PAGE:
Platinum made only a brief appearance as a coinage metal. A few high-value coins in Russia were made in the mid-19th century, at a time when platinum had recently been found in the Ural mountains. For a while the value of platinum fell below that of gold, and this gave rise to the emergence of counterfeit sovereigns in the 1870s. These were made from platinum and had a thin layer of electrochemically deposited gold. Bronze (Cu-Sn alloy) farthings issued between 1897 and 1917 were darkened using Na2S2O3, resulting in a surface layer of copper sulphide. This was done to avoid confusion between a newly minted farthing and a gold half-sovereign, the latter being worth 480 times the former. Bronze pennies issued between 1944 and 1946 were similarly treated to deter hoarding of new pennies at the end of World War II.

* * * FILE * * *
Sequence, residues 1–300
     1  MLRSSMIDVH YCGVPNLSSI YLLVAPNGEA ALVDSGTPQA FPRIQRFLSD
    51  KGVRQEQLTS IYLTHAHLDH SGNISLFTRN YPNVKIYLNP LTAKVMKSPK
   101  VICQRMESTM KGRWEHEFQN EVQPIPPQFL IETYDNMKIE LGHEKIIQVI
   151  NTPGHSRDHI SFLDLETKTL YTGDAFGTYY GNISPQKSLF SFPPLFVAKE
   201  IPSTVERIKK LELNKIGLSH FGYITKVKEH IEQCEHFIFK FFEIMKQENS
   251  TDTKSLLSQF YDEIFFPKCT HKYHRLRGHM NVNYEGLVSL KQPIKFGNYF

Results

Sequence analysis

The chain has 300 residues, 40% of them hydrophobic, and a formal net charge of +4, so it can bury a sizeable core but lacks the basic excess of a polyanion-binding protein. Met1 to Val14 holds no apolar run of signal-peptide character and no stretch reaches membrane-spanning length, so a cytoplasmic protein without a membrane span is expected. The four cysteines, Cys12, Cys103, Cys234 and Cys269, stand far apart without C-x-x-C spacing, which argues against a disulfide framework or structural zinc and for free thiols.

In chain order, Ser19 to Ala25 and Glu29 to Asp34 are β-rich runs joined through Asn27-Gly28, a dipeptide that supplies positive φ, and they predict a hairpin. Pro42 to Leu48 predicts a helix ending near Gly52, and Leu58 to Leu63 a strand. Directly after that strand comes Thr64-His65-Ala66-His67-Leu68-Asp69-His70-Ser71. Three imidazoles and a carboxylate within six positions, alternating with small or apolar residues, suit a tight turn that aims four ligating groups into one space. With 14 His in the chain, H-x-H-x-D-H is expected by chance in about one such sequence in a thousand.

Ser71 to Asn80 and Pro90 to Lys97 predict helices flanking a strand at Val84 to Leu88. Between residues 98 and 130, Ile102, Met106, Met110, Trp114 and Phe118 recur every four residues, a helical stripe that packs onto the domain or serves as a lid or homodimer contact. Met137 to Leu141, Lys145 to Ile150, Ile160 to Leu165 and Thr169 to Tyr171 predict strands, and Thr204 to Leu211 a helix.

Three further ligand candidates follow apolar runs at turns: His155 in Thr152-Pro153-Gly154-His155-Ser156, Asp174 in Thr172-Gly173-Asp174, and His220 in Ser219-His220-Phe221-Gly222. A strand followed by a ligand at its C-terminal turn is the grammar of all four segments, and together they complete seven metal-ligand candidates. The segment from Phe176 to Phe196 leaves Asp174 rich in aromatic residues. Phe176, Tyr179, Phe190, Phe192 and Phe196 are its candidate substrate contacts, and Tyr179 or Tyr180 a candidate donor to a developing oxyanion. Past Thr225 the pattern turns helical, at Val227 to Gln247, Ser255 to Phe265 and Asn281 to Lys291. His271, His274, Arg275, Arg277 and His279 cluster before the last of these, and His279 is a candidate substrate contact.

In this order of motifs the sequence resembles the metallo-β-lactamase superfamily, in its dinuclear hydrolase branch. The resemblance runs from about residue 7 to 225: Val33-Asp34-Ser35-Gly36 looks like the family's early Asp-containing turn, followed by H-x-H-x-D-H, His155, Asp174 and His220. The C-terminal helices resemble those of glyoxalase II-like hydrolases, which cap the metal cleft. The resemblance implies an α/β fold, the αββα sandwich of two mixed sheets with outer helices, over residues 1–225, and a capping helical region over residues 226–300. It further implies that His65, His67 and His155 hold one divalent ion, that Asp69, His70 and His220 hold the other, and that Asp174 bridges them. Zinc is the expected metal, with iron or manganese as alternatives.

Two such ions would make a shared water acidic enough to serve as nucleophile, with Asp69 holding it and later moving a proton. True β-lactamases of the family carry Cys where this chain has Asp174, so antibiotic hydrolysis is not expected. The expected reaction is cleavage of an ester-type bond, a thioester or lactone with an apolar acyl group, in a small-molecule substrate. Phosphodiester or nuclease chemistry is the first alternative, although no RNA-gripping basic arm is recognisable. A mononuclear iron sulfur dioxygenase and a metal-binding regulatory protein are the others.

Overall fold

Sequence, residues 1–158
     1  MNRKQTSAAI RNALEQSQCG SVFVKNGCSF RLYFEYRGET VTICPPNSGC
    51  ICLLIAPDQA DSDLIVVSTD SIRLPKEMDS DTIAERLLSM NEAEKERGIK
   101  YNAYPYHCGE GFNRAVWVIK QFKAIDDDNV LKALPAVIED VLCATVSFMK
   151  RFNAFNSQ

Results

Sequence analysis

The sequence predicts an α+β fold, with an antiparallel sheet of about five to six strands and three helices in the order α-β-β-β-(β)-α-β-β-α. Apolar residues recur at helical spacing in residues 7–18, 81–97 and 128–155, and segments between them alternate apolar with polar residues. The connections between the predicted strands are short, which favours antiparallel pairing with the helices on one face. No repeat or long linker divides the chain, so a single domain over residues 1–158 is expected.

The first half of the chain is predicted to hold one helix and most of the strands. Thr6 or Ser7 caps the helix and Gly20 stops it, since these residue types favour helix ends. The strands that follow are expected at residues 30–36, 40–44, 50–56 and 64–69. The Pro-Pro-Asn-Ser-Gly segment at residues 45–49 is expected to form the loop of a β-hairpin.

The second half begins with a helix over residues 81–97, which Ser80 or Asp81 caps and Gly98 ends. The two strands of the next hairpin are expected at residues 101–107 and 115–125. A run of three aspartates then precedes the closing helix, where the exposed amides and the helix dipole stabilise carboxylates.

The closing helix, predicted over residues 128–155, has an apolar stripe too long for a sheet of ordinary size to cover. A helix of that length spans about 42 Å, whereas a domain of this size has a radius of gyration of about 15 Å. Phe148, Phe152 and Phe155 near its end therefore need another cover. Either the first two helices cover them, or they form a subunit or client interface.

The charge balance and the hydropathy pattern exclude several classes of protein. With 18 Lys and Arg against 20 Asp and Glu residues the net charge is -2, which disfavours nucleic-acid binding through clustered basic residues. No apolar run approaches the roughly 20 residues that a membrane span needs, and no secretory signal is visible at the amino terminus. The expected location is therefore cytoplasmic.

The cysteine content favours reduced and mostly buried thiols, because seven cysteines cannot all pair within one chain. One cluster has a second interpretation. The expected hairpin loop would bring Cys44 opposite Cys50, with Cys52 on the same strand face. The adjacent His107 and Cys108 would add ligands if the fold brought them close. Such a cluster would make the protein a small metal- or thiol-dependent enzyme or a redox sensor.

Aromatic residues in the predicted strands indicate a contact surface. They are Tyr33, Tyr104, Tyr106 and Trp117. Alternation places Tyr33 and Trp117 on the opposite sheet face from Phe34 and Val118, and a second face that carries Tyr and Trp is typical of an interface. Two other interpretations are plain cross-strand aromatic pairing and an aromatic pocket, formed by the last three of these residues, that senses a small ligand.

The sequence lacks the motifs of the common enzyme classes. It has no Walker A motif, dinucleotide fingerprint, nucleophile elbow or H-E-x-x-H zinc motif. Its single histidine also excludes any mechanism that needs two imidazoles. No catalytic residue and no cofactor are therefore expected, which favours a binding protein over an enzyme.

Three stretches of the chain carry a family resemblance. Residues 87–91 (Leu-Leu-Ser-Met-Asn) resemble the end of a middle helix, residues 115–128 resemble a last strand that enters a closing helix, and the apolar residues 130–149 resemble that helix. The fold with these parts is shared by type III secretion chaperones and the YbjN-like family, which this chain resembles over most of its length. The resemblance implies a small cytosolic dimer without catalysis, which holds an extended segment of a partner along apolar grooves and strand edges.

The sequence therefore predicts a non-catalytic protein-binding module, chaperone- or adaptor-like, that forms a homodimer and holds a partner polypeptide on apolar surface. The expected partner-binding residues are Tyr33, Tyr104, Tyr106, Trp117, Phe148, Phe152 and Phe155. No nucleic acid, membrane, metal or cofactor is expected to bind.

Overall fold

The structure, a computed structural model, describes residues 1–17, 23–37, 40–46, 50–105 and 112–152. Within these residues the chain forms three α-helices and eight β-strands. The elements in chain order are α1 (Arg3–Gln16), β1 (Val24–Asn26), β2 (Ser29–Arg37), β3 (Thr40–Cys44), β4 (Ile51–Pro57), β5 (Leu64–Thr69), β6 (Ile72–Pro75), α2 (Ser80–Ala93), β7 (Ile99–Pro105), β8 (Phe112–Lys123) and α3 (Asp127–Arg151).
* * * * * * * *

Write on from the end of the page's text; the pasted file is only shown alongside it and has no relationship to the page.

As chemical and technological knowledge improved, so did demands on the durability of coins increase. Modern conditions require that the metals and alloys used in coin production are extremely pure. Very small traces of non-metals, such as carbon, sulfur or phosphorus can cause brittleness, which cannot be tolerated in modern coin-striking equipment which operates at high speeds and pressures.
In the past 60 years electroplated iron and steel coins have appeared in many countries. These were a response to the increased costs of providing huge quantities of low-value coins for the prosperous consumers of the post-war years. From 1992 British 'bronze' coins have been made of copper-plated steel.
Analysis of ancient coins